• 1308
    I find it much easier to lose weight exercising than restricting my diet. Swimming and riding my bike is playing. Restricting food gives me a headache and makes me tired and irritable. When seriously trying to lose weight, I aim for a minimum of 300 calories burned through exercise each day. - 6/15/2016   8:56:25 AM
  • 1307
    The last time I steadily lost weight I was limiting myself to 1200 calories a day, while taking kickboxing and karate for a combined total of nine hours of hard working out each week. It took a year to lose ten pounds (I know some of that was muscle gain, but I dropped two sizes only for a year of effort). I fully believe that the more you exercise, the more weight you will lose. That just seems common sense, and for most sedentary people, that sounds right. But for those of us who are already on our feet all day long (10 hour work shifts, standing the whole time)...I'm already getting in 17,000 to 23,000 steps a day and the last thing I want to do some days is work out more! - 6/15/2016   8:07:27 AM
  • 1306
    This article was written in 2013, much has changed since then regarding required minutes, exercise, intensity...you name it. The thing about 50 minutes, well it is an intimidating number...and it is a lot. At least five times a week I exercise on average 40+ minutes a day. Often this is doing two entirely different workout routines that are 20+ minutes. This is not where I began my journey, I was morbidly obese and had both knees replaced when I was 47. I was the furthest thing from fit, or healthy. It took a concerted effort to find my fit, I started slowly and built from there. I am talking 10 or 15 minute workouts...the thing is, once I began working out, I finished every routine I ever started. Working out at home works for me, I love the flexibity and variety that are offered on YouTube. There are options that are mindful of our health, size, limitations. Typically we each become our biggest hurdle. Make changes you can live with...that make sense and seem reasonable to you. Listen to and respect what your body tells you it needs. Exercise is a key component in any healthy living puzzle. Find your fit, wake up your inner athlete. Did not even know I had one until I was 56, now that girl loves to play. Exercise your strong, it will not disappoint. - 6/15/2016   7:16:18 AM
  • 1305
    It sounds a lot, but my weightloss is really slow and I have noticed that it is better on weeks when I excercise more. I think I probably need to excercise more for better weightloss. I don't think I would have in my 20's or 30's but now I suspect that figure is right for me. - 6/15/2016   6:50:15 AM
  • TERRAMOM
    1304
    If I gain a few pounds, I take it off by limiting my calories to 1600 per day and walking 5-7 times a week for at least 30 minutes. After a few weeks I begin to see results. - 6/15/2016   6:14:50 AM
  • 1303
    I released 65 lbs, and have maintained that for almost 3 years now, with only mild exercise occasionally. While I am adding more exercise into my life for overall general health and well-being, certain amounts, specific hours of exercise were certainly not necessary for me in order to lose whereas significant dietary changes were a requirement.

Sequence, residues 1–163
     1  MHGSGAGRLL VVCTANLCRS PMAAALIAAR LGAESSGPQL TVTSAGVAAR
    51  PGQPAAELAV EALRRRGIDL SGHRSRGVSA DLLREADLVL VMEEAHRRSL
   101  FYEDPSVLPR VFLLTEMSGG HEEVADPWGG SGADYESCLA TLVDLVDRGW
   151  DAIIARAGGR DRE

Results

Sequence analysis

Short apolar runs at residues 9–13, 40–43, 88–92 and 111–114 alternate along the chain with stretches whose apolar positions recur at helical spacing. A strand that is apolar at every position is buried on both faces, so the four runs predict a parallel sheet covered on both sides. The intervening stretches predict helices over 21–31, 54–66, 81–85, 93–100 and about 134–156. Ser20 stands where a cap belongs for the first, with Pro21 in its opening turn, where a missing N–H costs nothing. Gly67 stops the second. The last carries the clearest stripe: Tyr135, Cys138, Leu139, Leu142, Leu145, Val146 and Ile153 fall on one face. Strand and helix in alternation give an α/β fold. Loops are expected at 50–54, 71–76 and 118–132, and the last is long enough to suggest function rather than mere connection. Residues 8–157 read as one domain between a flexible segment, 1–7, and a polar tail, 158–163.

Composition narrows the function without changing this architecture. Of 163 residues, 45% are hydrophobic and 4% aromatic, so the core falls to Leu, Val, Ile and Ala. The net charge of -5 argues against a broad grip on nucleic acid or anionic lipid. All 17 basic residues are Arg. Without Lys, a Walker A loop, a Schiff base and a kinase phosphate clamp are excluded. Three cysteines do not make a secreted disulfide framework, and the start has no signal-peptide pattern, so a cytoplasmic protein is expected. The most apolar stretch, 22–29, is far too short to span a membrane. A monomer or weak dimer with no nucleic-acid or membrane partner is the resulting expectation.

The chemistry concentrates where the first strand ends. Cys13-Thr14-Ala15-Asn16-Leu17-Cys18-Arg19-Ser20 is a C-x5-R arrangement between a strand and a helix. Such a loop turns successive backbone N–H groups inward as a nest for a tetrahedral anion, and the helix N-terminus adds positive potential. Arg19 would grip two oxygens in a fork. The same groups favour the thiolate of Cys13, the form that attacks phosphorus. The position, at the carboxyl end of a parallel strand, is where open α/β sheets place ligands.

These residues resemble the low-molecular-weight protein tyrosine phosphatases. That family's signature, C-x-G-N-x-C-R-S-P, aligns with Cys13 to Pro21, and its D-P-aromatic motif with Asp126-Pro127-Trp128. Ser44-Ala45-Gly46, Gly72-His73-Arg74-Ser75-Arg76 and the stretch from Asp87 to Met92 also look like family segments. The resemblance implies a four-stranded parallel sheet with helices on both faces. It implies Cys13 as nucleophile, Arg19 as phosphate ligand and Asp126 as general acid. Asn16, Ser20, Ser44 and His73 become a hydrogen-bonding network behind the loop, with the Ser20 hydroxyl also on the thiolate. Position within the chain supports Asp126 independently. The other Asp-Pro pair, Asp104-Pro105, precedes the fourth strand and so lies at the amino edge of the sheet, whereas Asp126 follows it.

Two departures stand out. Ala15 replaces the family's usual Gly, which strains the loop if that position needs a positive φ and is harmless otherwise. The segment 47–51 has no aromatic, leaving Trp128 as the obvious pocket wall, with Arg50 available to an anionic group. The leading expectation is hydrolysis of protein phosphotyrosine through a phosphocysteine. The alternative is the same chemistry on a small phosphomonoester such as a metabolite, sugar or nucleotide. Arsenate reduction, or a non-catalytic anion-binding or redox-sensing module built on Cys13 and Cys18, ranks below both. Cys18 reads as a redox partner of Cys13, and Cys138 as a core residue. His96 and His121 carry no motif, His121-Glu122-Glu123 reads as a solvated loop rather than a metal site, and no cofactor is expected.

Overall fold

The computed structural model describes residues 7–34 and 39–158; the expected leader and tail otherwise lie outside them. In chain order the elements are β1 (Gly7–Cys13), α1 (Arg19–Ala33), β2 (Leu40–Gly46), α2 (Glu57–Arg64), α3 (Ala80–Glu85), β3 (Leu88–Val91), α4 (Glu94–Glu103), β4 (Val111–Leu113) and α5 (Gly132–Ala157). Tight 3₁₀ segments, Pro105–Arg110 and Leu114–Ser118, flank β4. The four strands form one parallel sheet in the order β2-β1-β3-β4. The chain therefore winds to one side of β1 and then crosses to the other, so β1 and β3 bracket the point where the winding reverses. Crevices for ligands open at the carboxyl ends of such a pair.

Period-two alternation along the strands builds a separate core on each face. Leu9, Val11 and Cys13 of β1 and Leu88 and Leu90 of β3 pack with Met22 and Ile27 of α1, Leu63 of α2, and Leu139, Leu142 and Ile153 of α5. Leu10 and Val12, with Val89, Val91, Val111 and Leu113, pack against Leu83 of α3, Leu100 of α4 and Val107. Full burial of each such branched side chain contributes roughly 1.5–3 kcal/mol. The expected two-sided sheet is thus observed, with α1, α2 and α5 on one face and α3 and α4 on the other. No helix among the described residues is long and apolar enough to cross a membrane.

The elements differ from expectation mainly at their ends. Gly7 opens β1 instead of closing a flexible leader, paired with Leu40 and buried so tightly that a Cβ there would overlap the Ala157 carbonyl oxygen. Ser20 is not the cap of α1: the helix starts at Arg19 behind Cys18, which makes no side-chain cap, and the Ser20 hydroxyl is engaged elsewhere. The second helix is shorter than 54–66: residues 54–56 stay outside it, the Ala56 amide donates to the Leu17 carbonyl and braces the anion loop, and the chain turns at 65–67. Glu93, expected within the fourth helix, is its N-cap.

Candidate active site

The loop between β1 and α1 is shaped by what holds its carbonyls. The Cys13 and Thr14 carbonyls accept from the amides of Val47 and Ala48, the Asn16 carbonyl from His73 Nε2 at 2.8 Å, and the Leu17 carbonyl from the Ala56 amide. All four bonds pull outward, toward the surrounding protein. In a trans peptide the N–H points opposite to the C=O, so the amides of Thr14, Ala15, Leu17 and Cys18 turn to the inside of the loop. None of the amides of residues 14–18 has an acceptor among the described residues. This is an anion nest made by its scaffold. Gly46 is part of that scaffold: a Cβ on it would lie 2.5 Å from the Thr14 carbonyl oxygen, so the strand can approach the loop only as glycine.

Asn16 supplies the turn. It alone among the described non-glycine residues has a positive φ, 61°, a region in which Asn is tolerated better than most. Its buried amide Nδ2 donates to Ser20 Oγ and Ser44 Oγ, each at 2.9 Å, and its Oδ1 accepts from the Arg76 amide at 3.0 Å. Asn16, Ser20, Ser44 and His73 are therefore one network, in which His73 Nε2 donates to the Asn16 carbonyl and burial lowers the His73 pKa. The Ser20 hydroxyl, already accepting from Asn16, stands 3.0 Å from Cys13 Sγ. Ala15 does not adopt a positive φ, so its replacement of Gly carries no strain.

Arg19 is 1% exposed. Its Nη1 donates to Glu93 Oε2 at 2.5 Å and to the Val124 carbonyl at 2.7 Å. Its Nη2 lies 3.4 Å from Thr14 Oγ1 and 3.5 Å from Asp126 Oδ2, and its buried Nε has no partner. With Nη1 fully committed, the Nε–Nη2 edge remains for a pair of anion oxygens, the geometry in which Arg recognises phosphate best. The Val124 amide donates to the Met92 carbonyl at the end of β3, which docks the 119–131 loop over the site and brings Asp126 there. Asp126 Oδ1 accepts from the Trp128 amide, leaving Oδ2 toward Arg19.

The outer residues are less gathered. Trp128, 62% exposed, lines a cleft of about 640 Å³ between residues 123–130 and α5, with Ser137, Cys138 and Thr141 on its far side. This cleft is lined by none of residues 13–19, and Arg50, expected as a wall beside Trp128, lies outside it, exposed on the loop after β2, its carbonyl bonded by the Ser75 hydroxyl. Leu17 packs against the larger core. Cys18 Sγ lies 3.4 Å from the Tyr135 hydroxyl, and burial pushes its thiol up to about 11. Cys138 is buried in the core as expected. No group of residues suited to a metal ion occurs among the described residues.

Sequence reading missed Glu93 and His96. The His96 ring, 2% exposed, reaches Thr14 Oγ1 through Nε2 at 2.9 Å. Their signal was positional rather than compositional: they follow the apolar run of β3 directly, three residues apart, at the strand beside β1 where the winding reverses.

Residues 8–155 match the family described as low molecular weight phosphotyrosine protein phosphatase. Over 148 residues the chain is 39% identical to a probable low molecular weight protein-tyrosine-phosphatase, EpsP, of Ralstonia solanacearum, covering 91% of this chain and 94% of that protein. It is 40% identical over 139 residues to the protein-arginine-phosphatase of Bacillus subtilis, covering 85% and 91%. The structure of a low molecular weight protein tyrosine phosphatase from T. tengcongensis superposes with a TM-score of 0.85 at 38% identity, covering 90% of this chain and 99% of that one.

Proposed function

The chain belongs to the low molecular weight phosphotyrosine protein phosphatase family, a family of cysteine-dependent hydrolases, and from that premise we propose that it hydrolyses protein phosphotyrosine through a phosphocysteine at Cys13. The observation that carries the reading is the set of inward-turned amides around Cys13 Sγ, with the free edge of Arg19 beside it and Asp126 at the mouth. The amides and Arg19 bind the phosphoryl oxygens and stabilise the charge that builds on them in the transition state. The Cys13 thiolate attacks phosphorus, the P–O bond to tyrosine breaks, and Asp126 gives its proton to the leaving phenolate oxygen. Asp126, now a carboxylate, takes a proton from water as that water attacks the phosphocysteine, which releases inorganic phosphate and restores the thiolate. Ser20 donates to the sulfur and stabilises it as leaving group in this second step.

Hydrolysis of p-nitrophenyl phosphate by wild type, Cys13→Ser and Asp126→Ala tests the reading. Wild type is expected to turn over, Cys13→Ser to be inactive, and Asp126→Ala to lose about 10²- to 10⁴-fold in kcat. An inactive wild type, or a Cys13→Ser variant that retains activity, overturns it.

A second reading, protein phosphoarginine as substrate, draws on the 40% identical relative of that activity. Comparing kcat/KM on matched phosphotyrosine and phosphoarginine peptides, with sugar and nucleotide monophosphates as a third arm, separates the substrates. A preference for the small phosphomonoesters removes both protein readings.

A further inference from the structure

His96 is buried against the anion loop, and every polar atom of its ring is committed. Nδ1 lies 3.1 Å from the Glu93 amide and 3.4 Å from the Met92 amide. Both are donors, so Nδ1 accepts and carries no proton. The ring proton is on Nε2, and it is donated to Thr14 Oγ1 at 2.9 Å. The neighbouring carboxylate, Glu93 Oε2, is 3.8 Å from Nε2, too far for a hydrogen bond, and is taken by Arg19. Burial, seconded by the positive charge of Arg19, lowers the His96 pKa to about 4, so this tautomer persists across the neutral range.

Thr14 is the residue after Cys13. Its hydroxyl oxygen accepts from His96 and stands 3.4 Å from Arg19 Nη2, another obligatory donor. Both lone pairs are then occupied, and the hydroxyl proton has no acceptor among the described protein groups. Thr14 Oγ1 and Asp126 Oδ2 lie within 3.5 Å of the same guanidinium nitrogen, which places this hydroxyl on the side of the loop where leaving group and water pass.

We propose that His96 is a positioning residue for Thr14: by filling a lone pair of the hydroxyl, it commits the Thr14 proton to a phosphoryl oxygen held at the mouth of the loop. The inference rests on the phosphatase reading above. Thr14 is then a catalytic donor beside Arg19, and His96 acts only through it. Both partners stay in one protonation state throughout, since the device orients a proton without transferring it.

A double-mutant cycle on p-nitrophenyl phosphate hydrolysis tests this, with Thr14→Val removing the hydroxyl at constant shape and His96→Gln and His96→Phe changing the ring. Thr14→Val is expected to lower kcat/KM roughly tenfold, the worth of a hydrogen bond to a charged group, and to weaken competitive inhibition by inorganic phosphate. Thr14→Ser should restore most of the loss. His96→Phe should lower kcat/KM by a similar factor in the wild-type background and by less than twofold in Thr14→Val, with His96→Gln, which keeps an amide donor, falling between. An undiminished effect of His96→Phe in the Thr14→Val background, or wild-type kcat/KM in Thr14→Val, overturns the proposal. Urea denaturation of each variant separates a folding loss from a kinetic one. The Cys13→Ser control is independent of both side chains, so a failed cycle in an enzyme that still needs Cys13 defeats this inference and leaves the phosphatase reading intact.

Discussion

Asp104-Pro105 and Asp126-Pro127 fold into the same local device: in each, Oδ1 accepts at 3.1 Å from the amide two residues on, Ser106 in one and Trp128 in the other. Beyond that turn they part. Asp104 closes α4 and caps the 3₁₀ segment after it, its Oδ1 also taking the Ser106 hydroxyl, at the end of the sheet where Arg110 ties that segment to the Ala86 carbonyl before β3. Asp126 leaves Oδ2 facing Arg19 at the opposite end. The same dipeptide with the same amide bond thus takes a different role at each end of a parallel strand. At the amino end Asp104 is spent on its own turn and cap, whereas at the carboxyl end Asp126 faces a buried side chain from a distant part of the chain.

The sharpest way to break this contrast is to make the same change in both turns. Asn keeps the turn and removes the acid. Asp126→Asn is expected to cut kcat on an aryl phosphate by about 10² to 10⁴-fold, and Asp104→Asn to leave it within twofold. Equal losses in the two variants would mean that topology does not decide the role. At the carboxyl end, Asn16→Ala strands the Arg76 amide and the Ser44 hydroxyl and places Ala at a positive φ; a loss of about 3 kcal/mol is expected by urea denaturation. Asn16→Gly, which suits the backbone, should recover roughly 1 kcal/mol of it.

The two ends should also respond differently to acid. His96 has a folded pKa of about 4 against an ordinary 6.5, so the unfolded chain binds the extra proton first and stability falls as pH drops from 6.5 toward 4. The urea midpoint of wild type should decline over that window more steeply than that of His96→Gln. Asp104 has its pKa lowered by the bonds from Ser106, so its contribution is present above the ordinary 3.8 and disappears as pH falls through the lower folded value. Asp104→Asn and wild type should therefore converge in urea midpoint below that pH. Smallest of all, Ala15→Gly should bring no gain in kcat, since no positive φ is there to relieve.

cj - 5/13/2016   5:36:59 PM
  • LUCKIPENNI1
    1302
    The thing with weight loss is everybody is different. I have been up and down in weight most of my adult life, between a size 8 to a size 22 and I have tried every "diet" known to man and woman. What works for me it to have between 50 to 80 minutes of exercise daily while carefully watching my intake to lose weight..... that is what works for me. The key is figuring out what your body is telling you. My husband can eat anything and everything and stays within a 10lb weight range and is not overweight. Before we met, I had lost about 100lbs by exercising alot and eating little, but nutritiously. As we dated we were very active and I continued to maintain. Then we got married (second marriage for both). I moved to his state, changed my job, was working on a master's degree and my whole normal routine went out the window. Slowly weight came back for a number of reasons. I wasn't doing the amount of exercise I had in the past, my husband wasn't excercising with me as much, and I fooled myself into thinking I could eat like my husband eats. Well, that 100 pounds made its way back plus another 10. I was tired, grouchy, and I couldn't do the things I had been able to do before like running, walking, and biking. When we would go on vacations I was always self conscious about being the biggest woman there and wouldn't do things I wanted to do. It has been very discouraging but at the end of February this year I had had enough. I tried a new "diet" but found it difficult to maintain. I did lose weight but felt it was a gimmick with them just wanting you to buy all their expensive products; but it did me to start back to the way I've been successful before. As of today, I've lost 40 pounds. Yes, I have a long way to go but I am determined to do what works for me and not compare myself to others. So, that means I will be exercising at least 50 minutes a day and probably more on some days, eating a limited, nutritious diet and enjoy being able to do more than I have in about 8 years. I feel less stressed, have more energy and am not as grouchy. The trick is finding what works for you and this works for me. - 5/12/2016   2:20:57 PM